However, the  filenames  in  the  directory  blocks  can  still  reveal
   information  about the contents of the filesystem that the bug reporter
   may wish to keep confidential.  To address this concern, the -s  option
   can  be  specified.   This  will  cause  e2image  to scramble directory
   entries and zero out any unused portions of the directory blocks before
   writing  the  image file.  However, the -s option will prevent analysis
   of problems related to hash-tree indexed directories.

   Note that QCOW2 image created by e2image is regular QCOW2 image and can
   be  processed  by tools aware of QCOW2 format such as for example qemu-

   You can convert a qcow2 image into a raw image with:

        e2image -r hda1.qcow2 hda1.raw

   This can be useful to write a qcow2 image  containing  all  data  to  a
   sparse image file where it can be loop mounted, or to a disk partition.
   Note that this may not work with qcow2 images not generated by e2image.


   Normally e2image only includes fs metadata, not regular file data.  The
   -a  option  can  be  specified  to include all data.  This will give an
   image that is suitable to use to clone the  entire  FS  or  for  backup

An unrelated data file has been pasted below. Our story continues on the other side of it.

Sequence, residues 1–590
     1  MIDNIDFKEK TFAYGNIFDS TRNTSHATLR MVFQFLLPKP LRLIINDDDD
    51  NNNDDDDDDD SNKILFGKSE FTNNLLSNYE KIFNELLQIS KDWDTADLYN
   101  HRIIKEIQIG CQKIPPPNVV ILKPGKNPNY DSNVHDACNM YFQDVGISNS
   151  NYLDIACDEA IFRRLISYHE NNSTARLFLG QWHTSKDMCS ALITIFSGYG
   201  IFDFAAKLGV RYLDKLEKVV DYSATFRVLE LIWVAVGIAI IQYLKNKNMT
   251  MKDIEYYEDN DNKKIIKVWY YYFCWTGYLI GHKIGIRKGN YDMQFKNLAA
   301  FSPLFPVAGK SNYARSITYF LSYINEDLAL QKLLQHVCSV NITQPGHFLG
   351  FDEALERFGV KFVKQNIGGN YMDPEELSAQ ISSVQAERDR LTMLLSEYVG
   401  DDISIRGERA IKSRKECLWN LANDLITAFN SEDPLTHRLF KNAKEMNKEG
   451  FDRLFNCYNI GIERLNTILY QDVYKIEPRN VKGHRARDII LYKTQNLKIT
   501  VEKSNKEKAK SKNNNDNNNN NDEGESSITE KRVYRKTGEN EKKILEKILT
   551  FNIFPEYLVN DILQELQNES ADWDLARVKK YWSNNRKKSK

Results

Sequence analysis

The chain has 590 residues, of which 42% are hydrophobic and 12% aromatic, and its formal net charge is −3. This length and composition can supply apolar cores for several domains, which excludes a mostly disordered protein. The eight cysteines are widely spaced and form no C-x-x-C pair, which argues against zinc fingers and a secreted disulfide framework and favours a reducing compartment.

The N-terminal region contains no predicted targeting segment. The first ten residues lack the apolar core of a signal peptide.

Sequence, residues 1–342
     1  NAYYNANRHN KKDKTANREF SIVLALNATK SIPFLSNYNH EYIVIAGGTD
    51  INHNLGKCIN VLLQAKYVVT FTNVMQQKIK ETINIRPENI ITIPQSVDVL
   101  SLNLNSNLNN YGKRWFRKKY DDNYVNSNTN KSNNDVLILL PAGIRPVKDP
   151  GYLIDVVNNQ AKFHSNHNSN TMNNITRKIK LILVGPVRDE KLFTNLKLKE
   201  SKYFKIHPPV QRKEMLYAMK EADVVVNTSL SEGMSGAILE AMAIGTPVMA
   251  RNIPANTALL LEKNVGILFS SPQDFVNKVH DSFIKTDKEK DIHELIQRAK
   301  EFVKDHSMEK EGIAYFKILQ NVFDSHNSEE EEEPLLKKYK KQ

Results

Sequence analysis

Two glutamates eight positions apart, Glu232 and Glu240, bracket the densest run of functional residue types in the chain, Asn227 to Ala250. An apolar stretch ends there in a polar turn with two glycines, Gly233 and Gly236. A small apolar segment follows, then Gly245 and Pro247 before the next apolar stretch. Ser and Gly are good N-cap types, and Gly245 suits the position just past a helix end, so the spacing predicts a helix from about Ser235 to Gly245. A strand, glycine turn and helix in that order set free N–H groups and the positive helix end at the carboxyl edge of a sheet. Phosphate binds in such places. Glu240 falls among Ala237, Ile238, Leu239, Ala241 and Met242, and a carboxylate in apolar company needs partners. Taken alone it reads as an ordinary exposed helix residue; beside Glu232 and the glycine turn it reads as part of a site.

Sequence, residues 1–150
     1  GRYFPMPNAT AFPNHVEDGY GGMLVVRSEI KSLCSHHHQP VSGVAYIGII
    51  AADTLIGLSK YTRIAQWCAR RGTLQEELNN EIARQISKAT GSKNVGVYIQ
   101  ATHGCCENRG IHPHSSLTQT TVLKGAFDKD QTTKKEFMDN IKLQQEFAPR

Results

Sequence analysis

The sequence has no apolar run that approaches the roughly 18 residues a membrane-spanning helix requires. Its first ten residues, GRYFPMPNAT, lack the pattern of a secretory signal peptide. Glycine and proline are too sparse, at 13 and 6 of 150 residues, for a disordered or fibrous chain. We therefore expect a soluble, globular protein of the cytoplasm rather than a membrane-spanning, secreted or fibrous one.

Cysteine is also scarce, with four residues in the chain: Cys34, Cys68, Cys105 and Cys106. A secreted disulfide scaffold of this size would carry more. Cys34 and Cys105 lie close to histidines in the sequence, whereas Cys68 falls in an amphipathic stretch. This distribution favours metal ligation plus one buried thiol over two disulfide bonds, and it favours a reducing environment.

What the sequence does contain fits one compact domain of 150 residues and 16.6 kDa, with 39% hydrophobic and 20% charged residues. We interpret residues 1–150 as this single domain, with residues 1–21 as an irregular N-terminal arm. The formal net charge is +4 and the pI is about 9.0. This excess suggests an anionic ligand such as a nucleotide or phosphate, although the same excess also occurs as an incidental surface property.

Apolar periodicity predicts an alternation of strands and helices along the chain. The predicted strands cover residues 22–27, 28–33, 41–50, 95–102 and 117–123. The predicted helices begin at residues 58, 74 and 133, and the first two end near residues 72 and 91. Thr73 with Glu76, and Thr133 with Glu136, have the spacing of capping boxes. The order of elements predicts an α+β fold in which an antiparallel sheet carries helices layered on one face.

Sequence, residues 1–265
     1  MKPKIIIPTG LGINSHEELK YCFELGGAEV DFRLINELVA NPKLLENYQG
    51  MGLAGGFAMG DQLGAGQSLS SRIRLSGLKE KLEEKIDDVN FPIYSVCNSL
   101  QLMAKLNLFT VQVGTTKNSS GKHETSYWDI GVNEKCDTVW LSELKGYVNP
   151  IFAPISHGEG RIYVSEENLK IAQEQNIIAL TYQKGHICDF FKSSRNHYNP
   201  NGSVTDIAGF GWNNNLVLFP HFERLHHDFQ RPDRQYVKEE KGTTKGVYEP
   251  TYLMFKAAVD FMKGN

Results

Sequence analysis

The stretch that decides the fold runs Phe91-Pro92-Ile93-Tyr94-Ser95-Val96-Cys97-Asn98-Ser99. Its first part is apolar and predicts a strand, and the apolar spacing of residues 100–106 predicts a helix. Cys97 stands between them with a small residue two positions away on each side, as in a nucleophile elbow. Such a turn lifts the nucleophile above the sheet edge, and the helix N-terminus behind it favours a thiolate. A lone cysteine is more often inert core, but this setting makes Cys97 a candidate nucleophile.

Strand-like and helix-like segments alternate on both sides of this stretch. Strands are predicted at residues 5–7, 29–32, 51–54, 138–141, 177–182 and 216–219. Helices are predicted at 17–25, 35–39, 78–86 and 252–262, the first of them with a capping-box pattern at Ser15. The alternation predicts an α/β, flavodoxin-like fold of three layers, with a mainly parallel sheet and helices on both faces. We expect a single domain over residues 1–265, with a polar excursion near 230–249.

purposes.   Note  that  this  option  only  works with the raw or QCOW2
   formats.  The -p switch may be given to show  progress.   If  the  file
   system is being cloned to a flash-based storage device (where reads are
   very fast and where it is desirable  to  avoid  unnecessary  writes  to
   reduce  write wear on the device), the -c option which cause e2image to
   try reading a block from the destination to see if it is  identical  to
   the  block which e2image is about to copy.  If the block is already the
   same, the write can be skipped.  The -n option will cause  all  of  the
   writes to be no-ops, and print the blocks that would have been written.


   Normally  a  filesystem  starts  at  the  beginning of a partition, and
   e2image is run on the partition.  When working with  image  files,  you
   don't have the option of using the partition device, so you can specify
   the offset where the filesystem starts directly  with  the  -o  option.
   Similarly  the  -O option specifies the offset that should be seeked to
   in the destination before writing the filesystem.

   For example, if you have a dd image of a whole hard drive that contains
   an  ext2  fs  in  a  partition starting at 1 MiB, you can clone that fs

        e2image -aro 1048576 img /dev/sda1

   Or you can clone a fs into an image file, leaving room in the first MiB
   for a partition table with:

        e2image -arO 1048576 /dev/sda1 img

   If you specify at least one offset, and only one file, an in-place move
   will be performed, allowing you to safely move the filesystem from  one
   offset to another.


   e2image was written by Theodore Ts'o (tytso@mit.edu).


   e2image  is  part  of  the  e2fsprogs  package  and  is  available from


   dumpe2fs(8), debugfs(8)